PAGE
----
Keywords

References

[1]  Pitt, J. I., and Hocking, A. D., Fungi and Food Spoilage, 3rd edition, Springer Science plus Business Media, LLC, 233 Spring Street, New York, NY 10013, USA, 524 pp. (2009).
 
[2]  Meyer A., Deiana J. and Bernard A. Cour de microbiologie générale. Doin. France, unpublished data. (2004).
 
[3]  FAO, Safety evaluation of certain mycotoxins in food. Prepared by the 56th meeting of the joint FAO/WHO Expert Committee on Food Additives (JECFA). FAO food and nutrition paper, Rome, FAO 74. 1-25 (2001).
 
[4]  Golob, P., Kutukwa, N., Devereau, A., Bartosik, R. E. and Rodriguez, J. C., Chapter two: Maize. In Crop Post-Harvest: Science and Technology, Volume 2. R. Hodges, and G. Farrell, eds. Ames, Iowa. Blackwell Publishing Ltd. (2004).
 
[5]  Brewbaker, J. L. “Corn production in the tropics: The Hawaii experience”, College of tropical agriculture and human resources University of Hawaii at Manoa. (2003), [http://www.ctahr.hawaii.edu/oc/freepubs/pdf/corn2003.pdf], (Accessed October 2012).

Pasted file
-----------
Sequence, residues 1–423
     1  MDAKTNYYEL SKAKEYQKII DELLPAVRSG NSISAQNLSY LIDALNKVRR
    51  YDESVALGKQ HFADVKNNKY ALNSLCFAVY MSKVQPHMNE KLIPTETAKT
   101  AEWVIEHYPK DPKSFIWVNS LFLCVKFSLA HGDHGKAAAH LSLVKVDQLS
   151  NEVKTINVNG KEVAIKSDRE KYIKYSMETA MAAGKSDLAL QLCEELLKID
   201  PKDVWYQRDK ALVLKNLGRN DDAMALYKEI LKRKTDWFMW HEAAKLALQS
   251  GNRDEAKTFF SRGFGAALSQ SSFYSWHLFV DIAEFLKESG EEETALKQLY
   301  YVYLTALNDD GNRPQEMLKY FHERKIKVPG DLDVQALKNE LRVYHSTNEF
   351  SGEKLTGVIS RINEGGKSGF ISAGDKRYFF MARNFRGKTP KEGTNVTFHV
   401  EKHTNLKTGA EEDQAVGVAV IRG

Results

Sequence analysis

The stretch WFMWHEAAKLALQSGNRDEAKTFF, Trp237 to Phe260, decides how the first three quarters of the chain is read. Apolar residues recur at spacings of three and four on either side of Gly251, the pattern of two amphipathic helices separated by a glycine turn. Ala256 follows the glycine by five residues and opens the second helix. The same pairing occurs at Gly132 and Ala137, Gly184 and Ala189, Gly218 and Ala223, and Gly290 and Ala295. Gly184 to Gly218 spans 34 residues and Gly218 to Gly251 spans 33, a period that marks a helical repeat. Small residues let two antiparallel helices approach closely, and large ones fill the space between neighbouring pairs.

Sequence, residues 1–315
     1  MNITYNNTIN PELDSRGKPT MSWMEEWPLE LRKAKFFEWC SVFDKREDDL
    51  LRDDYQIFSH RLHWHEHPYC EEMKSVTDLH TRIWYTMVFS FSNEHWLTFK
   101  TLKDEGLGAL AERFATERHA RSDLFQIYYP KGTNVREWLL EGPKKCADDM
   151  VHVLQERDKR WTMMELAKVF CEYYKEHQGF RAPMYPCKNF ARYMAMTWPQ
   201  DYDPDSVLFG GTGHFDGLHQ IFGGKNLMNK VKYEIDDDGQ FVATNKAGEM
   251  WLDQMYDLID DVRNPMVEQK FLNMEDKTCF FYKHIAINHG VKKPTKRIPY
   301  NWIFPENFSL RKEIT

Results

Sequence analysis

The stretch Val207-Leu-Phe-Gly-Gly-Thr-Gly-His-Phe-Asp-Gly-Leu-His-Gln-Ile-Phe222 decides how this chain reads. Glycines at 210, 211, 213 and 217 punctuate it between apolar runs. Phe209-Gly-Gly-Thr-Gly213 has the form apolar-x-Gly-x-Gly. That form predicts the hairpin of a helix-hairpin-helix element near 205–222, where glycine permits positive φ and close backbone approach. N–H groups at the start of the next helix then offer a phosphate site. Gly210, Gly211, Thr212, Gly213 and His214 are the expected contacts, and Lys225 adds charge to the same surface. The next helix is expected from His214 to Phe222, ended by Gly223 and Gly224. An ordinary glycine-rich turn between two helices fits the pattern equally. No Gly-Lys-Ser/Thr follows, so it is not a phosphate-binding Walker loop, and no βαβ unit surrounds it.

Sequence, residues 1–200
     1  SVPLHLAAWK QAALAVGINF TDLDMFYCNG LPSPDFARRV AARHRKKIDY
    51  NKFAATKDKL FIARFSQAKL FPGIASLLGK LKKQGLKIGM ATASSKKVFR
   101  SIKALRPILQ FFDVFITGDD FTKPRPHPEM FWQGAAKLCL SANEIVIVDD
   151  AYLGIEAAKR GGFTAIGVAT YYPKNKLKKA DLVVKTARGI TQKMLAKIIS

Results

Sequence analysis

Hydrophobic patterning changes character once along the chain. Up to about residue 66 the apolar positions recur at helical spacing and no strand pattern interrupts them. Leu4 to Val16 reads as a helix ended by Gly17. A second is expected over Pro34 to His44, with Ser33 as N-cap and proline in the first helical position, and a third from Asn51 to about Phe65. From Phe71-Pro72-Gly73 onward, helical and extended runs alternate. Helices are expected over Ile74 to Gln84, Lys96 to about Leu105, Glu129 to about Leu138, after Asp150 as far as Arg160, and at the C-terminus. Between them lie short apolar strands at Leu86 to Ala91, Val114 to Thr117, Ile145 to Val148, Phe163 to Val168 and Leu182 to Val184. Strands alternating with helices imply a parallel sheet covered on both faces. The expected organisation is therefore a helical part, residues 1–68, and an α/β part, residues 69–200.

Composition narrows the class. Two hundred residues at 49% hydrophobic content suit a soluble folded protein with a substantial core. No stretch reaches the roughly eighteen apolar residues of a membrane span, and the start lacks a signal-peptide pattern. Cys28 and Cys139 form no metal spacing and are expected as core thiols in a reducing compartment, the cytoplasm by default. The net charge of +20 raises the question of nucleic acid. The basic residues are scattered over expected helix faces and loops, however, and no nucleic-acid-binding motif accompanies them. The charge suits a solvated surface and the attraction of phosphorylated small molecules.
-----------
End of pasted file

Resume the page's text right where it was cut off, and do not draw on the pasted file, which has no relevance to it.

Show More References
[6]  Tilahun, S. “Grain based Ethiopian traditional common foods processing science and technology”. In Training module for center of research on grain quality, processing and technology transfer, Haramaya University, Ethiopia. (2007).
 
[7]  Egal, S., Hounsa, A., Gong, Y. Y., Turner, P. C, Wild, C. P., Hall, A. J., Hell, K. & Cardwell, K. F., “Dietary exposure to aflatoxin from maize and groundnut in young children from Benin and Togo, West Africa”, International Journal of Food Microbiology 104(2): 215-224. (2005).
 
[8]  AOAC International, Official Methods of Analysis 17th Ed., Gaithersburg, MD, Method 925.10 (2000).